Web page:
- Report Published -
|The Study of Serious Juvenile Offenders|
|Virginia Commission on Youth|
|HJR 431 (Regular Session, 1993)|
|The Serious Juvenile Offender Task Force met 12 times during the course of the two-year study to review data, discuss policy concerns, and recommend a comprehensive legislative package to deal with serious juvenile offenders. The following is a summary of the key project activities, study findings and recommendations for the Commission on Youth's two-year study of serious juvenile offenders.|
DATA COLLECTION AND ANALYSES
The Serious Juvenile Offender Task Force concentrated on widespread data collection and analysis to form the basis for addressing the issues enumerated within the study mandate. Much of the data that was analyzed had to be collected either through the development and dissemination of surveys or through analysis of existing data bases. Surveys were used to gather national and statewide information. In addition, comprehensive searches of existing Virginia Department of Youth and Family Services' learning center files and Department of Corrections' Presentence Investigation Reports were conducted. These analyses provided the Task Force members with an understanding of:
• the characteristics of the juvenile offender population in both the juvenile and adult systems,
• the nature of juvenile arrests and sentencing practices in juvenile and adult court districts throughout the state,
• the views and opinions of the judges and attorneys working with serious juvenile offenders in both the juvenile and adult court systems, and
• the way Virginia compares to other states in its handling of serious juvenile offenders, with respect to policy and client impact.
Three areas of analyses were completed during the first year of the study and were presented in-depth in the interim report (House Document 33). These analyses included:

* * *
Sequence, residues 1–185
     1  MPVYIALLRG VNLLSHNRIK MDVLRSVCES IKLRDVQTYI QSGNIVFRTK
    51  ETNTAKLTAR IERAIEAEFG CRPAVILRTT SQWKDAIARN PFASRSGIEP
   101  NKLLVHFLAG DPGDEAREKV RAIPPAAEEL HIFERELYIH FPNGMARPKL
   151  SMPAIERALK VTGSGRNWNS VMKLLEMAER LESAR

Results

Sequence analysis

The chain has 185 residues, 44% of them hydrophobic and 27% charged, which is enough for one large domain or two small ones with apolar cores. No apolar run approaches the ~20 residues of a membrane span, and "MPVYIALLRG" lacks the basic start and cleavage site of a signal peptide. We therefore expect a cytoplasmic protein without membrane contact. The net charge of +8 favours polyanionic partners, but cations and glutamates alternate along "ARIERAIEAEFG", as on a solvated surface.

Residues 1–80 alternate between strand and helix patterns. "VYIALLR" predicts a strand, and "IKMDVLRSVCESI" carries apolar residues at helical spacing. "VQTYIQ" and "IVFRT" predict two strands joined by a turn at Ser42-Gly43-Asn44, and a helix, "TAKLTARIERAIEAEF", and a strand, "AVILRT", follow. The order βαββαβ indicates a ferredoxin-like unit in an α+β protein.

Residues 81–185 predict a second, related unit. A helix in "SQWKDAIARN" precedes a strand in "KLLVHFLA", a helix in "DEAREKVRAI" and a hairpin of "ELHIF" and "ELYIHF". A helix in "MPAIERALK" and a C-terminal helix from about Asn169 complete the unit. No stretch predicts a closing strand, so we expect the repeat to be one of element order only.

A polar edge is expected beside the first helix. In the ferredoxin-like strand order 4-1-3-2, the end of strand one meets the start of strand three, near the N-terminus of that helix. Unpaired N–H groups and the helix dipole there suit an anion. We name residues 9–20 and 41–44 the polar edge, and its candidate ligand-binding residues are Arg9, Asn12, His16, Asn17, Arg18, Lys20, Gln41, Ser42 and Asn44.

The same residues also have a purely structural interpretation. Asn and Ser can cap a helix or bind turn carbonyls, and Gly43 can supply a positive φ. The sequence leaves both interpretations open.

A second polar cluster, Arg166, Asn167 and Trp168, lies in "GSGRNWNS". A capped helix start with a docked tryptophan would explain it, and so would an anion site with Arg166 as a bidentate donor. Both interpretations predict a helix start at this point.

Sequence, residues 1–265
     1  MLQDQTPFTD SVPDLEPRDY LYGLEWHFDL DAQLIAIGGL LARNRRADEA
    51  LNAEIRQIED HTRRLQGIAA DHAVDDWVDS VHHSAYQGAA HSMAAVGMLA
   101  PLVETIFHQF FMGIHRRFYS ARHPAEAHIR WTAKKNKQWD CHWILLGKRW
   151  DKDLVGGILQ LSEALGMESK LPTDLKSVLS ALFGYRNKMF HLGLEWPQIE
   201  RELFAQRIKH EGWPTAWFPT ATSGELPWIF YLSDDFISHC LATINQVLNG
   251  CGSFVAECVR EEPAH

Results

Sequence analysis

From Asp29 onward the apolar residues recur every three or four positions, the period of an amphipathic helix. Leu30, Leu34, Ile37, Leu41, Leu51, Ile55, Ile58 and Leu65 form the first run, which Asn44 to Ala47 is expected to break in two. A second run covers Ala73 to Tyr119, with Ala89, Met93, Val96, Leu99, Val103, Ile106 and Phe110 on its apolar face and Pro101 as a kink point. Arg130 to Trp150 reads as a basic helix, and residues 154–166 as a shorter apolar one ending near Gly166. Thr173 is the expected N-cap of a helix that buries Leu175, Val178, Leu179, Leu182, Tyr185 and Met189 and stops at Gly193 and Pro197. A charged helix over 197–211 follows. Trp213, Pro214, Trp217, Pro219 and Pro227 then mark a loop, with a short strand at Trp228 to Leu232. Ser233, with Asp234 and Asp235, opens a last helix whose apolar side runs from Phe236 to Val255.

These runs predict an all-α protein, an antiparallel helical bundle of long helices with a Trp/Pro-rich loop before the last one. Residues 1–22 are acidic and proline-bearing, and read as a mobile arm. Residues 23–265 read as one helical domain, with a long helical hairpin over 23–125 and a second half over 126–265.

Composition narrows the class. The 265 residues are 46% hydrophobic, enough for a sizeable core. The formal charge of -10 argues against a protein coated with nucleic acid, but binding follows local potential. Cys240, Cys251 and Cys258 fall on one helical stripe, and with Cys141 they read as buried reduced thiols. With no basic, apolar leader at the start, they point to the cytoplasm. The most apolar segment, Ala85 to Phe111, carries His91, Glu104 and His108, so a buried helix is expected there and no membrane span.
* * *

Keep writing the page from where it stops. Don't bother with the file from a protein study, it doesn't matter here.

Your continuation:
1. examination of the arrest and sentencing practices by court district for convicted juvenile felons,
2. development of a statistical profile of the serious juvenile offenders in learning centers versus those transferred/convicted in Circuit Court, and
3. development of a statistical model which identified the factors having an effect on whether a juvenile was committed for a transfer-eligible offense to a learning center versus transferred/convicted in adult court.
In addition, three analyses started during the first year were completed and presented to the Task Force during the second year to the study. These analyses, which will be presented in detail later in the report, included:
1. administration and analysis of a comprehensive survey to all of Virginia's Commonwealth's Attorneys, Circuit Court Judges, Juvenile and Domestic Relations District Court Judges, and state-supported Public Defenders (76% response rate),
2. administration and analysis of a national survey of each of the other 49 states and the District of Columbia concerning the number of juveniles transferred and convicted as adult offenders (100% response rate), and
3. a comprehensive examination of the transfer statutes from the other 49 states and the District of Columbia to gather comparative information on the criteria contained in the various transfer statutes, as well as definitions of serious juvenile offenders.
In addition to data analyses, the Task Force used a variety of means to seek Virginia citizens, input on the issue of serious juvenile offenders. During the first year, the Task Force held three public hearings in different parts of the states. In November 1993, a forth public hearing was held and draft legislation recommendations were disseminated to Virginia officials. Written comments were received from judges, law enforcement officials, and Commonwealth's Attorneys from across the state. In both years of the study, the chairman of the Task Force presented to the Juvenile Court Judges' Association and the Commonwealth's Attorneys' Services and Training Council.
The two years of data analysis yielded the following findings.
• Circuit Court convictions of juveniles for transfer-eligible offenses increased 31% from 1988-1990, compared to a 7% increase in transfer eligible arrests.
• There are tremendous jurisdictional variations in per capita arrests for transfer eligible offenses, learning center commitments for transfer-eligible offense and transfer/convictions for transfer-eligible offenses, suggesting a form of "justice by geography."